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Update: Just Kidding About That Sea Mine Actually

Metropolitan Avenue Bridge
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Metropolitan Avenue Bridge DOT

Police are responding to reports of a sea mine that may have washed up in Newtown Creek under the Metropolitan Avenue Bridge in East Williamsburg. UPDATE: Not a sea mine, actually. Scroll down for more.

According to police, the possible explosive device was spotted in the waters around 1 p.m. on Friday near Varick and Vandervoort Avenues in Brooklyn. "We don’t know what it is exactly but we’re at the location right now," a spokesperson for the NYPD told Gothamist. There's currently a heavy police presence near the bridge, and the Office of Emergency Management is urging New Yorkers to avoid the area.

Sea mines, also known as naval mines, are self-contained explosive devices intended to damage or destroy surface ships or submarines. Willis Elkins, the program manager at the Newtown Creek Alliance, said he was unaware of any recent instances of the mines appearing in New York waterways.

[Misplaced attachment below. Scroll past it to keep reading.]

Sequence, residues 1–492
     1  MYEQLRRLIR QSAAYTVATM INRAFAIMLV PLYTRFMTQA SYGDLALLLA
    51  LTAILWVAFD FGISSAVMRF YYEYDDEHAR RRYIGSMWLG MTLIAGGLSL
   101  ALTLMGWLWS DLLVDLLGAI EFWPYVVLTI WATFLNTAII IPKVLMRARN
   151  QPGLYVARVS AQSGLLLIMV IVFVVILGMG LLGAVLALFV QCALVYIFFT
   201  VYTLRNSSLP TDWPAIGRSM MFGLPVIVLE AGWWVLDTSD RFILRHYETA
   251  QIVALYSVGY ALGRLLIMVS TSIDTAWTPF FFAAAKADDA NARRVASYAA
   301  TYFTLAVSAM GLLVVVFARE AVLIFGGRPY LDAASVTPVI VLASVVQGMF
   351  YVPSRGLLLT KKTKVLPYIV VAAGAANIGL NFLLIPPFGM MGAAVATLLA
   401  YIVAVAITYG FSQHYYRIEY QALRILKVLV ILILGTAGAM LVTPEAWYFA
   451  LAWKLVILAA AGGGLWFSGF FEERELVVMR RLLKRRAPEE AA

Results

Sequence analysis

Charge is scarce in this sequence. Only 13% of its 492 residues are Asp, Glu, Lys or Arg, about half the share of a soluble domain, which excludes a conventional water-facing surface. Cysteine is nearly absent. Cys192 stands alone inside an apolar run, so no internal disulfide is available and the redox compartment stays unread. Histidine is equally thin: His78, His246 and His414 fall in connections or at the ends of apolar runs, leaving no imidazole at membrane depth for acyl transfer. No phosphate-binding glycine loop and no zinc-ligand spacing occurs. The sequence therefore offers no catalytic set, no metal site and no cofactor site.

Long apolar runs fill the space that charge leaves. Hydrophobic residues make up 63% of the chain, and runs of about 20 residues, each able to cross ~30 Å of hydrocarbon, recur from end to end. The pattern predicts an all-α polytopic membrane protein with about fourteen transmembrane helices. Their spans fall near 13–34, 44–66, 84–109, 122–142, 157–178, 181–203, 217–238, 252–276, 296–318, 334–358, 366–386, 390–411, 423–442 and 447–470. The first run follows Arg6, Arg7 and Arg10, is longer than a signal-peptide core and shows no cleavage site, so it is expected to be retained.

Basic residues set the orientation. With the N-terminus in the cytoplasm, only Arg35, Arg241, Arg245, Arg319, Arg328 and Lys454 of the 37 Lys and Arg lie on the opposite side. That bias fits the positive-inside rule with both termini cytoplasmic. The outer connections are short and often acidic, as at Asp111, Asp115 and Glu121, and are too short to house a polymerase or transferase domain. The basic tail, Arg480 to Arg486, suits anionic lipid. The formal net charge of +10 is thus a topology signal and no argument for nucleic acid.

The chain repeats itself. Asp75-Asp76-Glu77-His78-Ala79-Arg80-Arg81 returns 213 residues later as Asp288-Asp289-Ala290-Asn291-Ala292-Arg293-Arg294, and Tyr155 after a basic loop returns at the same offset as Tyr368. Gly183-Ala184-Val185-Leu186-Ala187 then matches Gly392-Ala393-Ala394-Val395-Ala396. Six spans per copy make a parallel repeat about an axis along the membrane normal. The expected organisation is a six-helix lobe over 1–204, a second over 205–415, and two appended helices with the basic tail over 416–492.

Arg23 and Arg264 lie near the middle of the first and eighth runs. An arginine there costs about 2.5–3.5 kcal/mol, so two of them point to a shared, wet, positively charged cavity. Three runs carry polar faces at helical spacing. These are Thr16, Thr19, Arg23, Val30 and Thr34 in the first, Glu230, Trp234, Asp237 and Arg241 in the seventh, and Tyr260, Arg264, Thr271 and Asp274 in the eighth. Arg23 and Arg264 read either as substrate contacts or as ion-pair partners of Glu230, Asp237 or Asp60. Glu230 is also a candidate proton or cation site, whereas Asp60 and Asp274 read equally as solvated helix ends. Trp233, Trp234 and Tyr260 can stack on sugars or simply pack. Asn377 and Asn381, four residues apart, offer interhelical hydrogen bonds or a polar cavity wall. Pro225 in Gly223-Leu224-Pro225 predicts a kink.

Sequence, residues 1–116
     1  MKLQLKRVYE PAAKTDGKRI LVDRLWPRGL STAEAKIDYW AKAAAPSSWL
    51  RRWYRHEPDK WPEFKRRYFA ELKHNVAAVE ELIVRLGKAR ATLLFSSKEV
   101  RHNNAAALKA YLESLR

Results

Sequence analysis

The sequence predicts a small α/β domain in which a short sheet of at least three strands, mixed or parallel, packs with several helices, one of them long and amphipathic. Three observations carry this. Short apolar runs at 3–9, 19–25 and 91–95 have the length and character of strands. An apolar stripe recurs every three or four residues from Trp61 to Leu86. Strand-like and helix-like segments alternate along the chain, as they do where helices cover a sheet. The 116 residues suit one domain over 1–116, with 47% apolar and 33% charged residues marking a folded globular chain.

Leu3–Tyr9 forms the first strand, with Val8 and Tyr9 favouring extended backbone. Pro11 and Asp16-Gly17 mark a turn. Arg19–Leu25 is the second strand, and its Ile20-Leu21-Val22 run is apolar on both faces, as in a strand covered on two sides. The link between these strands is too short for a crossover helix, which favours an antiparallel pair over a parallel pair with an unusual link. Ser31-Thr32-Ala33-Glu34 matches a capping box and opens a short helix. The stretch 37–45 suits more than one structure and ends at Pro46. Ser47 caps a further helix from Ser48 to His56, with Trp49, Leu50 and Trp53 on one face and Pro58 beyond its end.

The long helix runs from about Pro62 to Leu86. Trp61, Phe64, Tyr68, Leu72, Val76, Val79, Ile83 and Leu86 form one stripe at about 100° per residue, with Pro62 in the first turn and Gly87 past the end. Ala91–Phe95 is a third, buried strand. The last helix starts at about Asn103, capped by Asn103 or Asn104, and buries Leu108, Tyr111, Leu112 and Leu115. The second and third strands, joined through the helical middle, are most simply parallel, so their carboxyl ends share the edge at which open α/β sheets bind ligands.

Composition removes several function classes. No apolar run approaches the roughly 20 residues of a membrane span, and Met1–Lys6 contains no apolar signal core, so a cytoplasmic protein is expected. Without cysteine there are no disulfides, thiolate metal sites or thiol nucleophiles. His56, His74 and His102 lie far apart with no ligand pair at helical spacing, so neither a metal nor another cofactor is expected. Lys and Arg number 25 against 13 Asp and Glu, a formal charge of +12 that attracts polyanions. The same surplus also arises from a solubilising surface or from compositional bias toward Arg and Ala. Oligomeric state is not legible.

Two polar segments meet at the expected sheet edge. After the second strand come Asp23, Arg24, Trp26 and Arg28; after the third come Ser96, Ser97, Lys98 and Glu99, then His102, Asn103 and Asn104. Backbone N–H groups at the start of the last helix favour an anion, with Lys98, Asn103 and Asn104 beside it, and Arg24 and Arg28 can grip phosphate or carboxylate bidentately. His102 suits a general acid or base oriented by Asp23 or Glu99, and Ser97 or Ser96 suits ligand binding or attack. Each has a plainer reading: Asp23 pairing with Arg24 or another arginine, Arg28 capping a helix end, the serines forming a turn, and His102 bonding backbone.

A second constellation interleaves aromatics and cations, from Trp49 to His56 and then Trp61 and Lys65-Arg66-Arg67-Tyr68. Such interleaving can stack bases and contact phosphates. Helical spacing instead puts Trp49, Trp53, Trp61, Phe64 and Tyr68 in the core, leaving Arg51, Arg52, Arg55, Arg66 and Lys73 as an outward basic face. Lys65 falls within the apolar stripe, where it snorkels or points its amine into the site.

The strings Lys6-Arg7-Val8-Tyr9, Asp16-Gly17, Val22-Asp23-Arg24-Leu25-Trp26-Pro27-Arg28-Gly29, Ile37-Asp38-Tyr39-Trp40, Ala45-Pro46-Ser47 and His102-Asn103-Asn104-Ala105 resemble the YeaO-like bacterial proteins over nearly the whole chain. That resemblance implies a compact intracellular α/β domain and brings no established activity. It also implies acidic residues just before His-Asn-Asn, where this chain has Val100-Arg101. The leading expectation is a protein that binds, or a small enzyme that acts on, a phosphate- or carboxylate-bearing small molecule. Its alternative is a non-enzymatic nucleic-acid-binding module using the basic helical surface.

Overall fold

But he also pointed out that there was a "giant ammunitions factory" located near Newtown Creek in Maspeth during World War II. Additionally, Elkins noted that there is a fuel terminal run by the NYC Department of Environmental Protection in the vicinity of the Metropolitan Avenue Bridge.

"Having an explosive device there would be a little concerning," he said.

The DEP did not immediately respond to Gothamist's request for comment.

This is an ongoing story and we'll update as more information becomes available.

UPDATE 2:57 p.m.: The suspicious device spotted in the river is not a sea mine, but merely a "homemade anchor that washed ashore," according to the NYPD's Bomb Squad unit. There is no threat to the public at this time.

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